Monday, December 15, 2014

wholefood step-by-step: # 21 tahini

Continuing on from last week with some of the Pureharvest wholefood items I recently received, today we're looking at tahini.

Tahini is a wonderful wholefood for its versatility and nutrient density.

What is tahini?
Tahini is sesame seed paste, made simply from grinding hulled or unhulled sesame seeds. Unhulled tahini means that the whole sesame seeds are intact, hulled tahini is where the hull has been removed.

Tahini has a nutty flavour and is mostly commonly used in Middle Eastern, North African, Greek and Turkish cuisine in a range of dips, dressings, sauces and desserts.

Nutritionally, unhulled tahini has a lot to offer. Who knew tiny little sesame seeds are packed with calcium, magnesium, B1 and zinc? You can read more here.

How can I use tahini?
There are so many ways to use tahini!

The most common of course being in humus, that delicious garlicky, lemony, chickpea dip synonymous with Middle Eastern food.

I make a carrot version of hummus with tahini, you can find the recipe in this post.

Another beautiful dip that calls for tahini is babaganoush (eggplant dip).

Carrot sticks dipped into straight tahini are a delicious combination and can be a great way of enticing kids to eat raw carrot.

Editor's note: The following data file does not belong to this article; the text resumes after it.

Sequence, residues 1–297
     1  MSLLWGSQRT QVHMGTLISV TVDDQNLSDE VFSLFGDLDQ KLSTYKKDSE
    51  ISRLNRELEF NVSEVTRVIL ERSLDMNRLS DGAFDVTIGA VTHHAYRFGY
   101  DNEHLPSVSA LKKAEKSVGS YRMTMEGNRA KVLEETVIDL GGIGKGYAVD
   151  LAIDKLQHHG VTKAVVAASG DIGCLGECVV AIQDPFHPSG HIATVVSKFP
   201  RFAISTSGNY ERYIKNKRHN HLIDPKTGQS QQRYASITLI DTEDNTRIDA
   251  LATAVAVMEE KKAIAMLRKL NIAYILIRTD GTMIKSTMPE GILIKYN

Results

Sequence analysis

I sometimes use tahini in a salad dressing, mixing 1 tablespoon of tahini with enough lemon juice or apple cider vinegar to create a smooth, runny dressing. You could add some crushed garlic or chilli and a pinch of sea salt if you wish.

On its own it makes a delicious spread on toast, rice crackers or corn thins. For a sweet version, spread tahini then honey on top.

Honey and tahini are a match made in wholefood heaven, mix a tablespoon of each with enough filtered water to create a 'dressing' to serve with fruit salad.

The other popular sweet use of tahini is in halva, I remember my mum buying halva from our local deli when I was child. It was a very exotic sweet in my suburban upbringing!

Where can I buy it?
Tahini is sold in the health food aisle of most supermarkets and in health food shops, in many health food shops you can buy it in bulk.

You can of course make your own, something I haven't done yet. Here's a recipe if you want to give it a go.

Do you use tahini in your wholefood kitchen? What are your favorite uses? Have you made it?

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